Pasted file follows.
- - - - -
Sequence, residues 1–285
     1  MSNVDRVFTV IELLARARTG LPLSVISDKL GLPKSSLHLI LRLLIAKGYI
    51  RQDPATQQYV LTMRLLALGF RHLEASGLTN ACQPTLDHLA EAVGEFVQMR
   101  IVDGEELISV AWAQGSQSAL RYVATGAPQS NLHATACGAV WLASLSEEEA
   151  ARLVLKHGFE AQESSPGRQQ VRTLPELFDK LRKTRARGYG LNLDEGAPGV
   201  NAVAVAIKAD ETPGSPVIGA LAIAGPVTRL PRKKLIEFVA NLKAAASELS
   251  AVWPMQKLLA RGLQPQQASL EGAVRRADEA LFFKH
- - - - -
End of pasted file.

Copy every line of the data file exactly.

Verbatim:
Sequence, residues 1–285
     1  MSNVDRVFTV IELLARARTG LPLSVISDKL GLPKSSLHLI LRLLIAKGYI
    51  RQDPATQQYV LTMRLLALGF RHLEASGLTN ACQPTLDHLA EAVGEFVQMR
   101  IVDGEELISV AWAQGSQSAL RYVATGAPQS NLHATACGAV WLASLSEEEA
   151  ARLVLKHGFE AQESSPGRQQ VRTLPELFDK LRKTRARGYG LNLDEGAPGV
   201  NAVAVAIKAD ETPGSPVIGA LAIAGPVTRL PRKKLIEFVA NLKAAASELS
   251  AVWPMQKLLA RGLQPQQASL EGAVRRADEA LFFKH